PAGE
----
A body comprising experienced construction professionals and lawyers, The Society of Construction Law’s (SCL) produced a useful guideline in 2002 entitled Delay and Disruption Protocol. The protocol is intended to assist the construction parties in managing delay and disruption in the United Kingdom construction projects. One of the issues covered in the protocol is the issue on concurrency. SCL Delay and Disruption Protocol identified true concurrency as

“occurrence of two or more delay events at the same time, one an Employer Risk Event, the other a Contractor Risk Event and the effects of which are felt at the same time. The term ‘concurrent delay’ is often used to describe the situation where two or more delay events arise at different times, but the effects of them are felt (in whole or in part) at the same time.”

There can be number causes of delay which may overlap with delay caused by the contractor. The most apparent is the act of an employer. The other is delay caused by neutral events e.g. adverse weather. For events to be considered as a concurrent in delay, Mr Justice Dyson in Henry Boot v Malmaison Hotel [10] held that the two events must be concurrent in the respective causes and the most important thing is that the events have got to be on the critical path of the construction programme which by definition would be likely to affect the contract completion date. The principle was also followed in the case of The Royal Brompton Hospital NHS Trust v Frederick Alexander Hammond & Others [11] . Mr. Judge Seymour QC in the case added that the cause of the delay must not only be concurrent with the critical path in order to obtain extension of time; the event must be on the critical path. There will be no entitlement of extension of time if an event is not on the critical path, which rationally will not affect the completion. The author believed that by establishing the critical path of a project, it can be used as a tool to analyse delay, hence, one can establish the sequence of the project operations to identify whether the delay occurred was affecting or likely to affect the completion date. It can also be utilised to resolve issues on the entitlement for an extension of time. Judge Seymour however took a view that concurrency must begin simultaneously.

The scope of this study will revolve only on concurrency disputes using Joint Contracts Tribunal standard forms of contract. Currently in the United Kingdom, since there are more than 5 prominent publishers of standard forms of contracts; one will wonder why the author chose JCT contracts as his reference. Joint Contracts Tribunal Ltd. (JCT) has been producing construction contracts for more than 50 years and is widely used in the United Kingdom’s construction industry. Research done by the Royal Institute of Chartered Surveyors (RICS) in 2007 [12] shows that JCT standard form of contract is still the most used standard forms of contract with 79% users by number within the sample. Currently, there are 18 forms of main contracts published by JCT. These include variants, two framework agreements and numerous sub contracts, warranties and guides. Throughout the 79 years of producing forms of contract, JCT contracts have been well tested in the courts. Cases regarding time provision are one of those largely referred to the courts. However, it would be fair to say that, JCT has been taking into consideration the court judgements and comments to improve the time management provision in their contracts.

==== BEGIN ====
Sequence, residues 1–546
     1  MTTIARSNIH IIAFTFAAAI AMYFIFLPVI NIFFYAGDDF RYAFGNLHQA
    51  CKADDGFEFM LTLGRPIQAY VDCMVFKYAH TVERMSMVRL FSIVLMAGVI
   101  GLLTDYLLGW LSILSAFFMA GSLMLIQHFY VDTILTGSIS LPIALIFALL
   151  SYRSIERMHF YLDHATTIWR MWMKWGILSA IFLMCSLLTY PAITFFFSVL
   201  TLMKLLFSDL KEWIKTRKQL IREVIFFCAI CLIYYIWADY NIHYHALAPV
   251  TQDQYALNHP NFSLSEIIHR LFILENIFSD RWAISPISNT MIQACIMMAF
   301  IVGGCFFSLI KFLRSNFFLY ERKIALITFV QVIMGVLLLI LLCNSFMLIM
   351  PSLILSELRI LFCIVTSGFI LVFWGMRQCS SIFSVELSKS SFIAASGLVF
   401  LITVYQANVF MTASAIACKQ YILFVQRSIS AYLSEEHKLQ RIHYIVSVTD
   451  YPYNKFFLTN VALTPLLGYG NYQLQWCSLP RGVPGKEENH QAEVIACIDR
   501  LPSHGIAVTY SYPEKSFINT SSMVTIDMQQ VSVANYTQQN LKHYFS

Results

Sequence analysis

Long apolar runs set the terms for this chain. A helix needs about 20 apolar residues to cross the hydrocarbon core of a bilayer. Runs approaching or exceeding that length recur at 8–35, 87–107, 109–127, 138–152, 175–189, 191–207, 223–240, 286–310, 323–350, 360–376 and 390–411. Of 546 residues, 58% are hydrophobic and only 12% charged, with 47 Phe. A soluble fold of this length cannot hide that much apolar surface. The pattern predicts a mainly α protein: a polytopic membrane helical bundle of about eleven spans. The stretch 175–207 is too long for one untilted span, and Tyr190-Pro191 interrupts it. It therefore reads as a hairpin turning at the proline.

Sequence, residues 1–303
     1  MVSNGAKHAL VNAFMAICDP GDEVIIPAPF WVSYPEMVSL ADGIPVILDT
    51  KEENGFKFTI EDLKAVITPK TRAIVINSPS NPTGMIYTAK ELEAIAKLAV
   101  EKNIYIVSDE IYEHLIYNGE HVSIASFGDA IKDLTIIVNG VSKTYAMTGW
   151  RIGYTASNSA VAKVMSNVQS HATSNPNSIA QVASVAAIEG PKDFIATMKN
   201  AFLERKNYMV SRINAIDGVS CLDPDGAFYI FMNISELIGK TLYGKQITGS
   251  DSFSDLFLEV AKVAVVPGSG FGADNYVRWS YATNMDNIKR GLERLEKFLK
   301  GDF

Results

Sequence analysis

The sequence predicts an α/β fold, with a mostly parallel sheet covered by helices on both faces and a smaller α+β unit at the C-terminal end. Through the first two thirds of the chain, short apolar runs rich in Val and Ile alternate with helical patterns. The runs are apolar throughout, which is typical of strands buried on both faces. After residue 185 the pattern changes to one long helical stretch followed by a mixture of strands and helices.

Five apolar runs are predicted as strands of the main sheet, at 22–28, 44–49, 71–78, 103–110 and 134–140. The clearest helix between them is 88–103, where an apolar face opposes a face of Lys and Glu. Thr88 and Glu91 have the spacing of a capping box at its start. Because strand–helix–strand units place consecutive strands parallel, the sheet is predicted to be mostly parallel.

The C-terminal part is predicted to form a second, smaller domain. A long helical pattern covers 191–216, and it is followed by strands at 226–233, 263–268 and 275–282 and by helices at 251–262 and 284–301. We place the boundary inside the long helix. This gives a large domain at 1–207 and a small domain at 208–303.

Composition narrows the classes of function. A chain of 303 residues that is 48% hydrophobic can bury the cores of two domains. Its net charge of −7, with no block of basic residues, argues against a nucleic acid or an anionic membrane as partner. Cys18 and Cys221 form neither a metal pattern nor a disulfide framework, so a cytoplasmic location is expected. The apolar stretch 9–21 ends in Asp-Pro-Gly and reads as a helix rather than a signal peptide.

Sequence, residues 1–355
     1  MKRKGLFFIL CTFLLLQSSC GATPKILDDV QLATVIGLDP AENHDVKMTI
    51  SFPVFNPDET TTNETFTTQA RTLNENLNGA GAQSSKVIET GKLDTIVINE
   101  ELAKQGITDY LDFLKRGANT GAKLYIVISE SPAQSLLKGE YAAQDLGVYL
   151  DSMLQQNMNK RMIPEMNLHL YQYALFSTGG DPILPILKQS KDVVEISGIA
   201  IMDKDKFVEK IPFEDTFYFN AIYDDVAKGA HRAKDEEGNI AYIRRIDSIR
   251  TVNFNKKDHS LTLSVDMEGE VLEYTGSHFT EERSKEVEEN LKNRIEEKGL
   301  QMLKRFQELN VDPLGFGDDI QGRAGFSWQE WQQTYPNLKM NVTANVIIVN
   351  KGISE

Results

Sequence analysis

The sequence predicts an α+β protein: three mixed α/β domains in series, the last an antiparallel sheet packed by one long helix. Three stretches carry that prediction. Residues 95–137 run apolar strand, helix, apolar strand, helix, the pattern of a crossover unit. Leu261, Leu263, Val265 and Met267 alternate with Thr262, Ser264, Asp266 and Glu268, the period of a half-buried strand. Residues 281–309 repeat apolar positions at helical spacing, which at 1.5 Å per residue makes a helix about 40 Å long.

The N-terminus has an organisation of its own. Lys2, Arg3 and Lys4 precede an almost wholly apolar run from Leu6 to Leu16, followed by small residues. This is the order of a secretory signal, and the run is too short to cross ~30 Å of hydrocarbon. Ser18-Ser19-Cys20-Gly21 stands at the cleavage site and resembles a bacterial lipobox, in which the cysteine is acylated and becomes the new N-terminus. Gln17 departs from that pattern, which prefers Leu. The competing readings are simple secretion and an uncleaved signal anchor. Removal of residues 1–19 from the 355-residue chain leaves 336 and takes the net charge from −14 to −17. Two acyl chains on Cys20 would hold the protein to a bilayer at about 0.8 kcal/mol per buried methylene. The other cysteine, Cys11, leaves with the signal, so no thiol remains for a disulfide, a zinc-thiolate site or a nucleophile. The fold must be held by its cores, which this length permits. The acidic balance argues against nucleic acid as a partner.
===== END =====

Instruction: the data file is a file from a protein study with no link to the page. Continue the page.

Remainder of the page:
1.2 Aims and Objective

The study aims to analyze and discuss the principles governing concurrent delay adopted or applied in the courts in resolving concurrent delay disputes arising out of a construction contract. In recognition of the above background, the findings of this dissertation will provide parties in the construction industry essential information on the concept of concurrent delay and assist in the administration of contracts when the issue of concurrent delay arises.

This study is not meant for lawyers; the author aims to provide knowledge on various principles regarding concurrent delay to the construction professionals mainly in the Malaysian public sector projects. The author hopes that the findings of this study will assist Superintending Officers/Contract Administrators in the Public Works Department, Malaysia who administers construction contracts for public sector projects in handling concurrent delay. In pursuit of this aim, the main study objectives established are as follows:

To analyze the principles governing concurrent delay adopted or applied in the United Kingdom courts;

review time related provisions in the JCT contract;

evaluate procedures regarding concurrent delay set out in the Society of Construction Law’s (SCL) Delay and Disruption Protocol; and

develop best practice recommendations in handling concurrent delay disputes in the Malaysian public sector construction projects.

1.3 Scope of Study